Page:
On Sunday, police offered a $10,000 (Dh36,725) reward and published photos of what appeared to be a masked white woman being sought in connection with the arson case.

Police said they were seeking those responsible for the blaze, including a woman who was "attempting to hide her identity".

The department posted photos on social media of what looked to be a young white woman wearing a black baseball cap and face mask, and a video clip filmed by a protester that appeared to show a woman encouraging the flames.

"Look at the white girl trying to burn down the Wendy's," the man recording the video can be heard saying. "This wasn't us."

Lawyers for Mr Brooks's family said he was the father of a young daughter who was celebrating her birthday on Saturday.

They said the officers had no right to use deadly force even if he had fired the Taser, a non-lethal weapon, in their direction.

Prosecutors will decide by midweek whether to bring charges, Fulton County district attorney Paul Howard said on Sunday.

"He did not seem to present any kind of threat to anyone, and so the fact that it would escalate to his death just seems unreasonable," Mr Howard said.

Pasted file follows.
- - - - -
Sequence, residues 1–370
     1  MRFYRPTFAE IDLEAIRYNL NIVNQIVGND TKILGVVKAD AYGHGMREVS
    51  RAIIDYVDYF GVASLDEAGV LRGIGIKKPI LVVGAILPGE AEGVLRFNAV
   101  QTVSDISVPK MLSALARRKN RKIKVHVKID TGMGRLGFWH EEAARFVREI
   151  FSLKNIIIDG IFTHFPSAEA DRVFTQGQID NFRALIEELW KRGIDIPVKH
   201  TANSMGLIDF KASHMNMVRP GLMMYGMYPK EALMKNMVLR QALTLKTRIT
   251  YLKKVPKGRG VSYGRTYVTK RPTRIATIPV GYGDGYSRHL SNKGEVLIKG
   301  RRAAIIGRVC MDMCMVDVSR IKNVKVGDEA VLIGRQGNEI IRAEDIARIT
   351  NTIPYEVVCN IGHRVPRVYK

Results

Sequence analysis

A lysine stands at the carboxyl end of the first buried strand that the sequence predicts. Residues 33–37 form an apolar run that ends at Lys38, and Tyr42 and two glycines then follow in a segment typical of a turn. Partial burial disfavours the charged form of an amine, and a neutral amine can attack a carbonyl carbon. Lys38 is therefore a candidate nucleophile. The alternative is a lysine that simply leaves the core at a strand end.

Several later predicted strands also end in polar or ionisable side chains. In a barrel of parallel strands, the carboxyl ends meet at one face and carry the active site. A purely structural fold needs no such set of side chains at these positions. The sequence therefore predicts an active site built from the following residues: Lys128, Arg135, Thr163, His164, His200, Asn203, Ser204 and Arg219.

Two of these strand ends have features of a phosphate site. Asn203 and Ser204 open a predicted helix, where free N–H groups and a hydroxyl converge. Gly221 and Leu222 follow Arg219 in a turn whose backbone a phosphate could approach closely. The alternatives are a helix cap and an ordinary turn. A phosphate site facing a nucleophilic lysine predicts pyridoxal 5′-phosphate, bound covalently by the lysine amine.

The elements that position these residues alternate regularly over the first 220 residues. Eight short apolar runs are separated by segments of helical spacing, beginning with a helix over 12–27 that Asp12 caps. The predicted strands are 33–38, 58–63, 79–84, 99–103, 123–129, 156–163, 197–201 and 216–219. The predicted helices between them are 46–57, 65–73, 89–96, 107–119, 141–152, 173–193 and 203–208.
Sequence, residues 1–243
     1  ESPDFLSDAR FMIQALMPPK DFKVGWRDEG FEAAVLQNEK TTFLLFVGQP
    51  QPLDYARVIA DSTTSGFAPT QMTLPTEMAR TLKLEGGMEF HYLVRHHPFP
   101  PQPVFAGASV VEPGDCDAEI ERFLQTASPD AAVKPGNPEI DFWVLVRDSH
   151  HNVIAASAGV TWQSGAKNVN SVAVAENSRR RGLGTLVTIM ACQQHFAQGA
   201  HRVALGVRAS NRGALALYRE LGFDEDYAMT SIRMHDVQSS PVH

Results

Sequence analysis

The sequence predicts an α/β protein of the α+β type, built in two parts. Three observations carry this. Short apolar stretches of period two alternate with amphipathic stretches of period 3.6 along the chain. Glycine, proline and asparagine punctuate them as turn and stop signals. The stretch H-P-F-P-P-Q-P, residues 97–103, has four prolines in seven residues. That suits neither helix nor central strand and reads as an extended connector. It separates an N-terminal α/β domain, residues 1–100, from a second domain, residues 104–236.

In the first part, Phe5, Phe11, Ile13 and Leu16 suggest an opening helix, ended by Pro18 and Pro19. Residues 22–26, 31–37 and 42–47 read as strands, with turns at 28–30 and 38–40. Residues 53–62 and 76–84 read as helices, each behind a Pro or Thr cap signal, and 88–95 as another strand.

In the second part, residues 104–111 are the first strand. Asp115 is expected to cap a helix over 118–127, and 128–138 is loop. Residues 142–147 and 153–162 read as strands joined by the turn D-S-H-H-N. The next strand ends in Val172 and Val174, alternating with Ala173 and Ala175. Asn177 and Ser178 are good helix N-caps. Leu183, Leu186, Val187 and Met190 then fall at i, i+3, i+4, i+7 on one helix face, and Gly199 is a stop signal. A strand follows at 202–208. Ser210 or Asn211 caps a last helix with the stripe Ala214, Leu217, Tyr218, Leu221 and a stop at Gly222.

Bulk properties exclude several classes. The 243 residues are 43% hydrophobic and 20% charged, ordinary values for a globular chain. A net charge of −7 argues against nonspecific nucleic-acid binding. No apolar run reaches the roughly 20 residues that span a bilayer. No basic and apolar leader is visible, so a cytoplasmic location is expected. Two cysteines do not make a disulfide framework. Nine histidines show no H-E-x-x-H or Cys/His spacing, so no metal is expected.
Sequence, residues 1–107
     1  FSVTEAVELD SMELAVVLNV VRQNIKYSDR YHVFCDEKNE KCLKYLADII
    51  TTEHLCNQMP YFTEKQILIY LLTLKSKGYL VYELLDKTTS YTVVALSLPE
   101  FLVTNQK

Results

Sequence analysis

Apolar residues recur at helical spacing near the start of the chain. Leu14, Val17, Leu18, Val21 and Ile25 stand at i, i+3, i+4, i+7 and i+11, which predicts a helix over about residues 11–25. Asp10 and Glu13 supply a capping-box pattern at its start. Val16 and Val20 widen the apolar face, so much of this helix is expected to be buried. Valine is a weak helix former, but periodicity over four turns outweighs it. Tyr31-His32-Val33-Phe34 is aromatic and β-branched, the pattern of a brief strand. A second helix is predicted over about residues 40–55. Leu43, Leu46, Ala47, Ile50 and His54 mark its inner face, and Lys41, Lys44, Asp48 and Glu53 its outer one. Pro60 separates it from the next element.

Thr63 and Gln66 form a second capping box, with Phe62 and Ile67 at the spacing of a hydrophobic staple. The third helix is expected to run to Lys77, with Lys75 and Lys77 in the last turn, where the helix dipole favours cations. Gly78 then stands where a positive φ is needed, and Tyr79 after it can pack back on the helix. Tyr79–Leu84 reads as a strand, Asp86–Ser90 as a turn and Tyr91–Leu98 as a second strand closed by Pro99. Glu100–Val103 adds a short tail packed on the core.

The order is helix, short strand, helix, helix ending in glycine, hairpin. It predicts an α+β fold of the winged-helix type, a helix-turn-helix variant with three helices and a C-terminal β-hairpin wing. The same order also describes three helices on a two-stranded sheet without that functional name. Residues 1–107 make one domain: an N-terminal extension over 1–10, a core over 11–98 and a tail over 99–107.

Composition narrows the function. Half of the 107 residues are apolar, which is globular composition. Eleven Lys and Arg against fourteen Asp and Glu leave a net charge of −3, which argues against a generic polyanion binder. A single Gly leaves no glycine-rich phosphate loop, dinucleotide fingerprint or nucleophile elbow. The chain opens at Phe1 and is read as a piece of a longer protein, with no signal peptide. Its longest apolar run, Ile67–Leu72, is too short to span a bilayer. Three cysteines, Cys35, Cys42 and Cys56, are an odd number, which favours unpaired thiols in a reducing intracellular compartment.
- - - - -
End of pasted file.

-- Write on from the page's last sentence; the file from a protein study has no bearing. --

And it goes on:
Actor Tyler Perry announced that he would pay for Mr Brooks's funeral.

Meanwhile, Senate Republicans are on the brink of introducing an extensive package of policing changes with new restrictions on police choke holds and other practices as Congress rushes to respond to mass demonstrations over the deaths of Mr Floyd, Mr Brooks, and other black Americans.

Senate Majority Leader Mitch McConnell opened the chamber Monday declaring that Senate Republicans are developing “a serious proposal to reform law enforcement.”

While the emerging package isn’t as extensive as the sweeping Democratic proposal, which is headed for a House vote next week, it is perhaps the most far-reaching proposed changes to policing procedures from the party long aligned with a “law and order” approach. Confronted with a groundswell of public unrest over police violence, in cities large and small nationwide, even the most conservative senators are joining the effort.